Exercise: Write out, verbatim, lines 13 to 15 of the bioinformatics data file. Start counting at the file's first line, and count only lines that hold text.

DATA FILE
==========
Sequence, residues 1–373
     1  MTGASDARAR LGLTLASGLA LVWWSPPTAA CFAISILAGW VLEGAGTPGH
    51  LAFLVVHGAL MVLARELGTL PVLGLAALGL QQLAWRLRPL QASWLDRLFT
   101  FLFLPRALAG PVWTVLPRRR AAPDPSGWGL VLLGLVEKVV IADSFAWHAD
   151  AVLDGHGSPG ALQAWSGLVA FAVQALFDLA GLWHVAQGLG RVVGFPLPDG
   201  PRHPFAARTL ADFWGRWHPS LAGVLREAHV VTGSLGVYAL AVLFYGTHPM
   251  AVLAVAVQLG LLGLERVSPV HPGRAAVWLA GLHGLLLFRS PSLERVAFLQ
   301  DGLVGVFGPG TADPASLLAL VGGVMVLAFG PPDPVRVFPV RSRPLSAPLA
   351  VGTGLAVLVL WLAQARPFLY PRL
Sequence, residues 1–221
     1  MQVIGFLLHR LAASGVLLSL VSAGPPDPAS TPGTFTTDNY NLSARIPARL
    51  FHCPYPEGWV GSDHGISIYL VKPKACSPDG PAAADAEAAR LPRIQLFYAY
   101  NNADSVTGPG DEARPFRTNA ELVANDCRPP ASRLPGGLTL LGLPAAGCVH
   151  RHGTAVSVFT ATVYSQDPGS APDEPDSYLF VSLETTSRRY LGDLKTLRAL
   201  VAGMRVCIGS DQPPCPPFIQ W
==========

   101  NNADSVTGPG DEARPFRTNA ELVANDCRPP ASRLPGGLTL LGLPAAGCVH
   151  RHGTAVSVFT ATVYSQDPGS APDEPDSYLF VSLETTSRRY LGDLKTLRAL
   201  VAGMRVCIGS DQPPCPPFIQ W